Canada now plays a role in fighting terrorism.
Canada now plays a role in fighting terrorism.

BRUSSELS — Canada’s deeply entrenched role in the fight against global extremism is more focused these days on intelligence-gathering — and sharing — than on putting more boots on the ground in the Middle East, Justin Trudeau recently suggested.
“The track record has shown that collaboration and cooperation between allies, friends and partners has saved lives and keeps all of our citizens safe,” Trudeau said at the outset of a day-long NATO meeting in Brussels.
“We are going to continue to collaborate and to work together to ensure we’re doing everything we can to keep citizens and our communities safe.”
Trudeau brushed aside concerns that NATO’s agreement to increase intelligence-sharing in the fight against terrorism comes amid accusations that President Donald Trump and others in the U.S. are playing fast and loose with sensitive secrets.
The North Atlantic Treaty Organization leaders spent Thursday hunkered down inside the sparkling new Brussels headquarters to discuss how they can better coordinate efforts in the fight against terrorism — and better share the cost of defence.
Their main motivation, though, was to woo Trump, whose country is a driving force behind the military alliance — a body he described as “obsolete” during last year’s election campaign.
To that end, NATO Sec.-Gen. Jens Stoltenberg announced the alliance would be formally joining the U.S.-led coalition against the Islamic State of Iraq and the Levant, albeit without a role in combat operations.
“NATO joining the coalition to defeat, ISIL, is a strong political message of unity in the fight against terrorism,” Stoltenberg said.
All 28 NATO allies, including Canada, are already part of the anti-ISIL coalition, and the military alliance has been involved in training Iraqi forces. Still, Trump had been urging the alliance to take on a bigger role.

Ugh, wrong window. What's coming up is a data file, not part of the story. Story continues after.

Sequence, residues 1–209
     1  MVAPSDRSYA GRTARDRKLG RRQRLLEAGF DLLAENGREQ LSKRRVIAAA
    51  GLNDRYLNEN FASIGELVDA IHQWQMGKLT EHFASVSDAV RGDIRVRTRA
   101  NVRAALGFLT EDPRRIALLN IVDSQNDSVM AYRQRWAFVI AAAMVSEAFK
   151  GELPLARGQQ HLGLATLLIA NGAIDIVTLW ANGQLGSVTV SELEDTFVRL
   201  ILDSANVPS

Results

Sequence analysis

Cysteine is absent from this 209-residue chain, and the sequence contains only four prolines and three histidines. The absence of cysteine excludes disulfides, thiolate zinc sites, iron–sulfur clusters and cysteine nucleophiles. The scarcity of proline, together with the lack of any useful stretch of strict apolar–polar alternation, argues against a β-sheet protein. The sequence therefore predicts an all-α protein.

The calls for unity — and a strong alliance — were coming fast and furious from various leaders throughout the day, with Belgian Prime Minister Charles Michel laying it on particularly thick during a ceremony to inaugurate the new building.
Earlier, the U.S. president made the fight against terrorism the central focus of his speech as he dedicated a monument commemorating the invocation of Article 5 — the self-defence clause that means an attack on one member generates a response by all.
Trudeau suggested the role that Canada now plays in fighting terrorism is through its membership in the so-called Five Eyes, an intelligence-sharing alliance that also includes the U.S., the U.K., Australia and New Zealand.
“We continue to be an important and trusted ally in the global intelligence community,” said Trudeau, who noted he would not go into detail.
“There are many, many occasions upon which we have directly participated and in other occasions directly benefited form information-sharing between security agencies and at the highest level.”
And while NATO agreed to assess its “level of support and the future of the mission” in Afghanistan, Trudeau betrayed no enthusiasm for sending soldiers back.
“We have no troops in Afghanistan at this time, but we are happy to be supportive in other ways.”
Trump has also been vocal about his demand for the other members of NATO to pick up their fair share of the tab when it comes to defence spending. Canada spends just over one per cent of its GDP on defence, just half of NATO’s target.
The Liberal government says its contribution is bigger than the numbers suggest, citing its commitment to send up to 455 troops to head up a multinational mission in Latvia, as part of efforts to curb Russian aggression in the Baltics.
“All our allies understand that Canada has always been there, and I can assure them — and I will continue to assure them — that Canada will continue to be there,” Trudeau said.
Stoltenberg, for his part, appeared to indicate some sympathy for the Canadian position.
“This is not just about cash, but also modern capabilities and meaningful contributions to NATO’s missions, operations and engagements,” he said. “Today, we will take steps to keep up the momentum.”

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